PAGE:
It’s a mystery. All I did was wear this bikini, not even a small one, and whoosh! Overnight, I made it.


“Star Trek II: The Wrath of Khan” (1982)

In the 23rd century, Admiral James T. Kirk (William Shatner) is an instructor at Starfleet Academy. Kirk is feeling old; he now needs reading glasses, which are given to him by Dr. McCoy (DeForest Kelley). The prospect of going on his ship (USS Enterprise) on a 2-week training mission doesn’t make Kirk feel any younger. Soon, the ship faces possible danger, when the genetically engineered Khan (Ricardo Montalban) appears after years of exile on a secluded planet. Khan wants to capture Project Genesis (a top secret device holding the power of creation itself) and kill Kirk!

[On whether Kirk should assume command from Spock]

Spock: If I may be so bold, it was a mistake for you to accept promotion. Commanding a starship is your first, best destiny; anything else is a waste of material.

Kirk: I would not presume to debate you.

Spock: That is wise. Were I to invoke logic, however, logic clearly dictates that the needs of the many outweigh the needs of the few.

Kirk: Or the one.

Spock: You are my superior officer. You are also my friend. I have been and always shall be yours.

This the Trek film that will appeal to BOTH long-time/newbie fans and casual viewers alike! So far, I’ve watched this 3x in the last 6 yrs. The acting is good from all involved, the directing is not flashy (yet tells the story effectively), and it has a few very emotional moments as well. Do you have to be middle-aged to appreciate it fully? Hmm… I’d say no, but it does help!

Executive Producer Harve Bennett was known for being able to make films w/ low budgets; Paramount Studios wanted him to make this film for under $45M. He’d never seen any of TOS; he viewed all the eps and chose Space Seed as the best candidate for a sequel. Bennett realized that one of the problems w/ the Star Trek: The Motion Picture (ST:TMP) was the lack of a strong villain. Gene Roddenberry stayed on as “creative consultant” position. On ST:TMP, Paramount blamed the constant production delays and budget overruns on Roddenberry’s constant meddling and slow script rewrites. This is the first time a feature film was made as a sequel to a specific TV ep.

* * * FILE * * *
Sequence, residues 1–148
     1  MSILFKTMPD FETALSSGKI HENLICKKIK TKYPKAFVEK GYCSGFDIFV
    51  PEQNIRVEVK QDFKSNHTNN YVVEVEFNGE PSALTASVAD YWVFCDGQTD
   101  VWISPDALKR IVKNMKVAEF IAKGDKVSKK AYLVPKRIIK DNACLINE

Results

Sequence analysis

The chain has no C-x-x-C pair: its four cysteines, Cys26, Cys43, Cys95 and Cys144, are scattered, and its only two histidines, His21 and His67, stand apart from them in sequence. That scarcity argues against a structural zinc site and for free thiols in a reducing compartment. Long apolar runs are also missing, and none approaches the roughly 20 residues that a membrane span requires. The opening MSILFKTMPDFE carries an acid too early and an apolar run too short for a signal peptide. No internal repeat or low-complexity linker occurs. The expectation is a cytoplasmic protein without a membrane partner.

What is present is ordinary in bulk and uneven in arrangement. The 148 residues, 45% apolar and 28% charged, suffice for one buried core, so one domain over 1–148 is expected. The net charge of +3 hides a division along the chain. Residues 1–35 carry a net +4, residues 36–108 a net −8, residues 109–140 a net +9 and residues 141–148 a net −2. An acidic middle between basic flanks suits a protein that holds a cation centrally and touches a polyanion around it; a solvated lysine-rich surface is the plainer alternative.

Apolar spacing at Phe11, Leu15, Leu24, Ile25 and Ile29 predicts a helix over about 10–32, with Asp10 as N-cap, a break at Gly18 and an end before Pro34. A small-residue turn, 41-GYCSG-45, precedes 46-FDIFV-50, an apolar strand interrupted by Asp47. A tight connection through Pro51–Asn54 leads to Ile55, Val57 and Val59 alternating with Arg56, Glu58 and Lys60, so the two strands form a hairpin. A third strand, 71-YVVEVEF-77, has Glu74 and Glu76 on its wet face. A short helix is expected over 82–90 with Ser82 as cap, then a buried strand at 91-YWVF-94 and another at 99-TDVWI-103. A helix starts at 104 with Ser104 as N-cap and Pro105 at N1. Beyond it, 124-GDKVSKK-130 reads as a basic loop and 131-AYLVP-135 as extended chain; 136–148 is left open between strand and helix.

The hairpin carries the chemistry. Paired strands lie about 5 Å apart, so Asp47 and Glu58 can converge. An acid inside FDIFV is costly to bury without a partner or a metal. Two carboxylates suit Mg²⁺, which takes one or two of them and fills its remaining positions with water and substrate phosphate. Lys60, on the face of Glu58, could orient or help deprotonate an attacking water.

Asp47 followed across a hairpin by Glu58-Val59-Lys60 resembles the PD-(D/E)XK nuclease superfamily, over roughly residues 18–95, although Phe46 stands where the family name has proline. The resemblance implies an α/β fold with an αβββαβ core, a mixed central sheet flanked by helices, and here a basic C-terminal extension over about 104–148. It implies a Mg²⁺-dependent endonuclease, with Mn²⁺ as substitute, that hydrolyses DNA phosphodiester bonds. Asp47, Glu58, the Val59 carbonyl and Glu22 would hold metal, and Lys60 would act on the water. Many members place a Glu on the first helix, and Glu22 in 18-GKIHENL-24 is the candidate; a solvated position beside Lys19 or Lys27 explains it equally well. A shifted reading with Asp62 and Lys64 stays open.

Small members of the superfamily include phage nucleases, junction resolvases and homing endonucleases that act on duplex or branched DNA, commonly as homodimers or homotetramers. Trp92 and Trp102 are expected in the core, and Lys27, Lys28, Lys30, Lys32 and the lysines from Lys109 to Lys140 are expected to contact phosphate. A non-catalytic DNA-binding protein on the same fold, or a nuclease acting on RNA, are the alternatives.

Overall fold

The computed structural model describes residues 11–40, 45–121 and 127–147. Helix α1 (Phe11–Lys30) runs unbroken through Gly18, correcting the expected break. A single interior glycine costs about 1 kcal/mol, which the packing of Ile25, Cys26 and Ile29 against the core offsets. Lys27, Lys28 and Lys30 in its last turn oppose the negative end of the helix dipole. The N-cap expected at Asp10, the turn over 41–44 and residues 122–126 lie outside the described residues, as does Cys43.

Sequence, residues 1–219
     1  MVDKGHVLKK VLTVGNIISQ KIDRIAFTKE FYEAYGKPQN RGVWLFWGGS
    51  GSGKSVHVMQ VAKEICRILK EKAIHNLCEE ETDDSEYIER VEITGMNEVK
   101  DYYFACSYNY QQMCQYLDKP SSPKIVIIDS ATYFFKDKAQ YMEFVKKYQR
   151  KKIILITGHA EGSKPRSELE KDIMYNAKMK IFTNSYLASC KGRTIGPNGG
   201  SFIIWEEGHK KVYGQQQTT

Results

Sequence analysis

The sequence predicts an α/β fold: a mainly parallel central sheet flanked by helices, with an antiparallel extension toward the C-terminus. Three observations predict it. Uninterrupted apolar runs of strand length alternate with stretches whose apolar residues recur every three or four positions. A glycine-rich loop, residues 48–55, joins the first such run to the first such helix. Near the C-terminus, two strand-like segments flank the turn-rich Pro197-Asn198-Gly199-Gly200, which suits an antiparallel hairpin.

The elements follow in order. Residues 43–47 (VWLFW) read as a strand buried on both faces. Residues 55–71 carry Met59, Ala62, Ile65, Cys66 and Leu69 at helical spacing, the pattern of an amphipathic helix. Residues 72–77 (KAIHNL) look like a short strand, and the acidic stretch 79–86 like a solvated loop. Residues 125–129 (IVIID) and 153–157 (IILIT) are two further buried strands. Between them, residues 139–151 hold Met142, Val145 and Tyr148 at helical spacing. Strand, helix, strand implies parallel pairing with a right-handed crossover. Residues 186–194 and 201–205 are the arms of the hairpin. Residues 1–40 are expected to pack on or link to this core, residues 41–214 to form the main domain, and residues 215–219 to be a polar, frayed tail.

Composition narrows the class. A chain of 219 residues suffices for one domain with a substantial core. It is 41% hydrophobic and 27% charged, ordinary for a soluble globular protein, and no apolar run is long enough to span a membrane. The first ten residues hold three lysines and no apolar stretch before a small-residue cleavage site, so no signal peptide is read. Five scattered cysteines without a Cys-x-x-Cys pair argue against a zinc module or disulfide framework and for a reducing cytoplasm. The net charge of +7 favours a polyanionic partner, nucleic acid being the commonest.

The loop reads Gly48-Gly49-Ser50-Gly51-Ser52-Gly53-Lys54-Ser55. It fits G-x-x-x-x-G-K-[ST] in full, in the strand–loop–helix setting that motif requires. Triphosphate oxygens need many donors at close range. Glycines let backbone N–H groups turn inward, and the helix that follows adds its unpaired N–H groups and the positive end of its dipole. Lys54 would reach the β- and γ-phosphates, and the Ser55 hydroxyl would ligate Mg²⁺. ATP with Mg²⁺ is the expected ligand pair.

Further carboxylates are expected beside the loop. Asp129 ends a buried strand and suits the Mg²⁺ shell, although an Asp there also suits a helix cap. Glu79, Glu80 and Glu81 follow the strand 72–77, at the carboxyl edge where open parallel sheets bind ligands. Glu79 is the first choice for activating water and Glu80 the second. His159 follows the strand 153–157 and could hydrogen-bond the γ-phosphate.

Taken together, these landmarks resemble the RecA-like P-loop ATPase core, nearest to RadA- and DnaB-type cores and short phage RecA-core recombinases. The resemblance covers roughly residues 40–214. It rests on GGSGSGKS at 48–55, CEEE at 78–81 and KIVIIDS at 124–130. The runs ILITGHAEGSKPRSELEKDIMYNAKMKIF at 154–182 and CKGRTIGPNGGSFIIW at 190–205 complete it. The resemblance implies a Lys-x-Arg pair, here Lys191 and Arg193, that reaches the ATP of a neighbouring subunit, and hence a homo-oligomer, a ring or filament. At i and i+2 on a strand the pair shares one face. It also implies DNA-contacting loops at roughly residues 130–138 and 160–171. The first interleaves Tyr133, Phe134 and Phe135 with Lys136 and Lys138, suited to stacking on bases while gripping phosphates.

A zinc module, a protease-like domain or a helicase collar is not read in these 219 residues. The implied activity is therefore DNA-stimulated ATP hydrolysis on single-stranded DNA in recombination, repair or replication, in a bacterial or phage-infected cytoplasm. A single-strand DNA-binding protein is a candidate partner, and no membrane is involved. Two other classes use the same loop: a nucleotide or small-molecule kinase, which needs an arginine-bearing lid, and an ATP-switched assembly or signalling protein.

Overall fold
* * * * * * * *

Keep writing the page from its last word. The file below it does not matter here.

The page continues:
My intention with Khan was to express the fact that they had been marooned on that planet with no technical infrastructure, so they had to cannibalize from the spaceship whatever they used or wore. Therefore, I tried to make it look as if they had dressed themselves out of pieces of upholstery and electrical equipment that composed the ship. -Robert Fletcher (costume designer)

Director Nicholas Meyer (just 36 y.o.) hadn’t seen any of TOS either; this was only his 2nd movie! Meyer, Bennett, Jack B. Sowards, and Samuel A. Peeples all worked on the screenplay. For the musical score, Bennett chose James Horner (only 28 y.o.) He adapted the opening fanfare of Alexander Courage’s TOS theme; he created several themes and motifs (shorter pieces) which have become iconic. Although Gene Roddenberry TOS w/ a military structure, he avoided “excessive militarism” (his words). However, Meyer decided to further expand on this, making the uniforms/insignias more military in style. He also added a ship’s bell and boatswain’s whistle; he wrote the dialogue to reflect naval protocol. Such details greatly influenced the later films and spin-off TV series, as long-time fans will note!

I’m sure that I was influenced by Goldsmith’s large orchestral scores when I started out, and that was because the people who employed me wanted that kind of sound. I wasn’t in a position to say “Go to hell!” -James Horner (composer)

Some TOS fans and media critics have often wondered re: Marla McGivers (the Starfleet officer who fell in love w/ Khan). On the Star Trek: The Pod Directive podcast, I learned that actress Madlyn Rhue was to reprise her role. However, she had suffered w/ multiple sclerosis, so was using wheelchair. Marla was written out, explaining she’d been killed by the vicious eel creatures. Montalban said in interviews that “Khan loved his wife passionately, and blames Kirk for her death.” The actor realized early on in his career that a good villain doesn’t see himself as villainous; he’s the hero of his own story. In the mid-1980s, James Doohan (Scotty) stated that he felt that Montalban should’ve been nominated for an Academy Award for his role.

She was getting advice from all sides, and the studio kept trying to make it more of a ‘tits and ass’ performance. I said, “No, no, no. That’s real. You’re in the Navy. You’re a pro. Just do your job. You’re good. You’re at the top of your class there.” -Meyer re: Kirstie Alley’s character (Lt. Saavik)